• 87. ‘It may show him walking past.’ I deliberately made myself look happier. ‘Yes, it may! What a good idea. How about I get my staff to go through the tapes and see if there’s any of him last night?’ ‘Yourstaff?’ I made my voice deliberately mechanical. ‘Staff employed by the Chen Corporation acting in trust for Miss Simone Chen. It’s easier to just say “my”.’ He glanced down at his folder. ‘You have a really bad attitude, you know that?’ I nearly exploded but bit my tongue. ‘I’ll have the staff go through the tapes, and if we see any video of the young man who did it, I will be in touch. I’ll also go through my records and try to find anything on Neil that we have, an old address or phone number. Michael might know.’ ‘Who is Michael?’ I nearly thumped the table with frustration, annoyed at myself. The last thing Michael needed was the police digging up his old Triad involvement. ‘Another friend of the family. One of Simone’s friends from when she was at school. I’ll go through her old school records.’ I rose. ‘Is there anything else I can help you with, sir?’ I didn’t wait for him to reply. ‘Leo, come show the gentleman out, please.’ Leo wheeled himself into the doorway. ‘If you’ll come with me, sir.’ Cheung hesitated for a moment, his face rigid, then followed Leo out the door. I waited until I saw him safely in the lift through the office’s glass doors before I spoke to Citrus and Clarissa again. ‘Don’t worry about having the graffiti cleaned off. I’m getting the person who did it to clean it for us.’ ‘Can you do that?’ Clarissa said. ‘Just watch me,’ I growled, and opened the office door. ‘I’m going up to the roof to see how we can arrange this. Stay down here, Clarissa, but call me if anything happens.’ ‘I’ll start checking the files,’ Clarissa said. I waited until we were out in the corridor with the office door shut behind us before I spoke to Leo. ‘Can you talk to Liu?’ Leo’s eyes turned inwards for a moment, then he nodded. ‘Tell Liu that I summon the Third Prince, and he has to get his ass to the top of 15 Wellington Street, Central, in less than five minutes. And that’s an order, as First Heavenly General.’ Leo relayed the message as we walked to the lift. Generatedby ABC Amber LIT Converter, http://www.processtext.com/abclit.html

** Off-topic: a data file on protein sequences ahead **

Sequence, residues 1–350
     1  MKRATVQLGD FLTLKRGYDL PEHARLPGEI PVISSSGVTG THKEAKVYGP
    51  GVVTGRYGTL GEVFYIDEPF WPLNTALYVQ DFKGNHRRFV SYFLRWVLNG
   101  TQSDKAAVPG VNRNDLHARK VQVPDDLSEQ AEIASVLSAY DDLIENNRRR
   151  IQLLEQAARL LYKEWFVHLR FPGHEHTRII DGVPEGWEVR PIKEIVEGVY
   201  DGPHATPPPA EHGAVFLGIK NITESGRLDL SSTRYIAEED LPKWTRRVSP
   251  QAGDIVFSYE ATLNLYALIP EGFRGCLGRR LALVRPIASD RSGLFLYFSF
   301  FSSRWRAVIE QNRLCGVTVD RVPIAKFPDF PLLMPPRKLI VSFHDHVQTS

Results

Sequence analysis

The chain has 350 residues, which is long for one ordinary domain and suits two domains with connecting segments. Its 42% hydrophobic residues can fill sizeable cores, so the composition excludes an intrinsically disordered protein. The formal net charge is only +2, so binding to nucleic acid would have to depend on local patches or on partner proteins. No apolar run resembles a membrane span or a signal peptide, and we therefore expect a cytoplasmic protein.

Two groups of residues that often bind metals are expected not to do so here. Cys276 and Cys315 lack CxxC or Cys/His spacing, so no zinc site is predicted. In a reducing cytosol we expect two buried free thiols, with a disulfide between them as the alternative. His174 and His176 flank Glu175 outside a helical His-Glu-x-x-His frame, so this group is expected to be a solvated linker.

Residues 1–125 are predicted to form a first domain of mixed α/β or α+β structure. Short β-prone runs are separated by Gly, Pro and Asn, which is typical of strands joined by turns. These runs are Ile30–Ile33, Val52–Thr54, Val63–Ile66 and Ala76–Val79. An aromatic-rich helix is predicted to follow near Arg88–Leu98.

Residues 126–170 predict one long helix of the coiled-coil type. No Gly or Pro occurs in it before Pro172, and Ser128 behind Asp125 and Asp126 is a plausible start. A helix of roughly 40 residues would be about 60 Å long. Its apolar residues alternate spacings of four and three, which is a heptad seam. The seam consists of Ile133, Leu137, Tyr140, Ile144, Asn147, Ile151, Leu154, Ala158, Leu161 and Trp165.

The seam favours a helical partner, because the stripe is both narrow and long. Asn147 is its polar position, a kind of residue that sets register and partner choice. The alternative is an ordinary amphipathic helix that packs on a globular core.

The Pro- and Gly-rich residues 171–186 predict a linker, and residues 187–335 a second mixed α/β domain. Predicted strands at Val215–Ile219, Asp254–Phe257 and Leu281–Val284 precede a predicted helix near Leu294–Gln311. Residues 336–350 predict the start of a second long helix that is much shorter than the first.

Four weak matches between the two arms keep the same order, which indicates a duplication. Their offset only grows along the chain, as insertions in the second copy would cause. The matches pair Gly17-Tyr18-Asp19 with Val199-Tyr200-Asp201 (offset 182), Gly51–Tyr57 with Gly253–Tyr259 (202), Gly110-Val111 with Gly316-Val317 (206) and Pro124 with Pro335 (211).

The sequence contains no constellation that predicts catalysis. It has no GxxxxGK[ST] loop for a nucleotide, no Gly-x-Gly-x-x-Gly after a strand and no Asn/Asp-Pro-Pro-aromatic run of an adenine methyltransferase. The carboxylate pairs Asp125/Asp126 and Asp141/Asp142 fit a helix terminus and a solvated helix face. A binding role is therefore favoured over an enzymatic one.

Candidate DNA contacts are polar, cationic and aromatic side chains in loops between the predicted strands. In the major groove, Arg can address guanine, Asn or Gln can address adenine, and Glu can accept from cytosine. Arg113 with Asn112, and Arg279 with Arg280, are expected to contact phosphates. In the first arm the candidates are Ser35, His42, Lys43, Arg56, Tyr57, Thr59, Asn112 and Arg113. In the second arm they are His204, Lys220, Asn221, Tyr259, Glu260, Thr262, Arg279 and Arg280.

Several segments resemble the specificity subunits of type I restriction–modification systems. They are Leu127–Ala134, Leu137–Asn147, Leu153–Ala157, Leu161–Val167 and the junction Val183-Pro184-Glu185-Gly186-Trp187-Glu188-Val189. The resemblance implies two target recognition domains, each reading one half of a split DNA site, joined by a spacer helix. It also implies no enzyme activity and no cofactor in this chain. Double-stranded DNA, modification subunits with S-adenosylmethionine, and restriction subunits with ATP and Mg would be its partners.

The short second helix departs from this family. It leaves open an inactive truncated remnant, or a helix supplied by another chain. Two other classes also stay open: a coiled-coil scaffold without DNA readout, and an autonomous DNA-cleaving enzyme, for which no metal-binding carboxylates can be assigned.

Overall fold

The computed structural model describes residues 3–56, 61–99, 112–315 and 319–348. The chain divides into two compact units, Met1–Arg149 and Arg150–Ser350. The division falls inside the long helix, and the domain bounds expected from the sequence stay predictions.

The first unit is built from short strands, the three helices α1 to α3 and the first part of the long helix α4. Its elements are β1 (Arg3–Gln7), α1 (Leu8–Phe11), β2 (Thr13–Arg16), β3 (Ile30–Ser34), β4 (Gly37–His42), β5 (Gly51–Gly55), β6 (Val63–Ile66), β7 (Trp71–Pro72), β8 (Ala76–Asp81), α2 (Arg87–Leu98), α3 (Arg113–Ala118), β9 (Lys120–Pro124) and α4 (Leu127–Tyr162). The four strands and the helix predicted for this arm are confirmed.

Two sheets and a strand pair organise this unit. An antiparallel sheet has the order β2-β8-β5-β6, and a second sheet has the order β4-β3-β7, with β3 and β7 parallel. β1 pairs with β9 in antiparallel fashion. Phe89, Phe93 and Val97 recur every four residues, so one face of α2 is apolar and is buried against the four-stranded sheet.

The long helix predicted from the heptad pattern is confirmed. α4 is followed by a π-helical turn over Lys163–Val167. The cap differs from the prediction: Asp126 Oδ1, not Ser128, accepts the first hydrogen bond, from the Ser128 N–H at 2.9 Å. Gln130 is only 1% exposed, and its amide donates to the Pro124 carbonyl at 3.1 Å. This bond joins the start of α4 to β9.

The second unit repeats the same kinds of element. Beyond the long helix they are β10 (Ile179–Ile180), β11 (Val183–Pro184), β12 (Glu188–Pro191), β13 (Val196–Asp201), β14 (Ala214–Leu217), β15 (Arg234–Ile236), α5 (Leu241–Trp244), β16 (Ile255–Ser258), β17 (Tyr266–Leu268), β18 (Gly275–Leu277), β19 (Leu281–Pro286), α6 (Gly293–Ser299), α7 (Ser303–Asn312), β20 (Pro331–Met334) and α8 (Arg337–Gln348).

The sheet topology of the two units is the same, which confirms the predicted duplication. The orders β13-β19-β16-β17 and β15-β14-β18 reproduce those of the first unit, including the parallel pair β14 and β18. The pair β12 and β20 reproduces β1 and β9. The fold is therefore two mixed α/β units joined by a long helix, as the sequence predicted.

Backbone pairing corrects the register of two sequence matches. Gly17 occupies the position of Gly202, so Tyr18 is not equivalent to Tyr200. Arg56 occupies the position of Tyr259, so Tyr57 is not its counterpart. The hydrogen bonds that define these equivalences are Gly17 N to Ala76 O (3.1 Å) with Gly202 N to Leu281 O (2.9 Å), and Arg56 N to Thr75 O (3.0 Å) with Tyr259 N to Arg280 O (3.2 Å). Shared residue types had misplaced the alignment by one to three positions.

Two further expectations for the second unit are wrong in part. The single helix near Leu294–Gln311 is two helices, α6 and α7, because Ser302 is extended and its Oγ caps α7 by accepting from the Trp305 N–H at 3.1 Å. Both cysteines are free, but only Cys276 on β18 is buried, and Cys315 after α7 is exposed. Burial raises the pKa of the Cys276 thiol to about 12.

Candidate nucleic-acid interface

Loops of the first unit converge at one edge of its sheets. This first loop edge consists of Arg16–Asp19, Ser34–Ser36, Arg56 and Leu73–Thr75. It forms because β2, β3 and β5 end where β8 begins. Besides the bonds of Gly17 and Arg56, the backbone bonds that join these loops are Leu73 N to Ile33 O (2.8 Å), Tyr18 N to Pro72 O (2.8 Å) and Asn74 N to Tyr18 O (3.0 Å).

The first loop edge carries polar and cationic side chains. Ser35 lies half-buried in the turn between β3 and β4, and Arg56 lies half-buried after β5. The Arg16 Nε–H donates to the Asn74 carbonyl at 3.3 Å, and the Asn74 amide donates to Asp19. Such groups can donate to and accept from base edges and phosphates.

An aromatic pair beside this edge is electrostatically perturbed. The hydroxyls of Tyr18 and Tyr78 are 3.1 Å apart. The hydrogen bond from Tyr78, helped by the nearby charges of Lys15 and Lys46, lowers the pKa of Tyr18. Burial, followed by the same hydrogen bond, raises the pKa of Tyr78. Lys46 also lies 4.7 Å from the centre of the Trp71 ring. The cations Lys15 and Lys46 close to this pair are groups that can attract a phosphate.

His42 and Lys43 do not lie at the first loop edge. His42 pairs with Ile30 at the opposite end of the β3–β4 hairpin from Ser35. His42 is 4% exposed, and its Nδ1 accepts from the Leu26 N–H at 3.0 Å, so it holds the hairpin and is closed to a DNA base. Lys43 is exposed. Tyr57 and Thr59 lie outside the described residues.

• 88. ‘I added that you were on the warpath,’ Leo said. ‘Won’t make any difference to that little asshole,’ I said. ‘Then he’s unique,’ Leo said. We took the lift up to the top floor, then I unlocked the stairway to the roof. The rooftop was bare concrete stained with mould, the lift mechanism and the large concrete water tank the only features. Leo looked around. ‘Not even a window-cleaning cradle.’ Na Zha appeared, flying towards us, clouds of mist forming and disappearing around him as he broke the sound barrier. He halted three metres away from the roof, standing on his fire wheels over the road. He was wearing a pair of black skinny jeans and a black tank top, and didn’t even salute me. I pointed towards the ground. ‘Clean that off. Now.’ ‘What?’ I jabbed my finger. ‘That. Get rid of it. The police were here, accusing me of being a Triad member because they thought that was a Triad mark.’ He leaned over to see and grinned broadly. ‘Really? Cool. I wish I’d done it.’ ‘They’re on my case constantly because of this bullshit. They may even look Michael up now because I mentioned him. If they go after him, Na Zha, it’s your fault.’ He shrugged. ‘Not my fault, I didn’t do it.’ I stomped to the edge of the roof. ‘I’m giving you an order as First Heavenly General, asshole. Make that go away.’ He grew irate. ‘I didn’t do it — don’t blame me!’ he said, then his face went blank with shock. Leo shouted, ‘Watch out!’ I was struck from behind and propelled over the edge of the roof. My legs hit the waist-high concrete wall as I went over with a shock of pain in my shins. I tried to concentrate on the energy centres as I fell, my shins screaming with pain. I slowed my fall, but it wasn’t enough: I was going to land on a car going up Wellington Street. Na Zha caught me with a blow that knocked the wind out of me. He carried me back up to the rooftop, hoisted me over the edge and dropped me next to Leo’s empty wheelchair. I lay helpless for a few long moments, trying to get my breath back. Na Zha landed and immediately joined Leo in fighting the demons that had attacked us. There were three of them: big red humanoids carrying swords. I checked them and they were at least level eighty: really big ones. A challenge for Leo but Na Zha shouldn’t have a problem. I hauled myself to my feet, my shins still sharp with pain. One felt like a fracture and was already starting to swell. I did my best to stand on it but when the adrenaline wore off I’d be in trouble. My vision Generatedby ABC Amber LIT Converter, http://www.processtext.com/abclit.html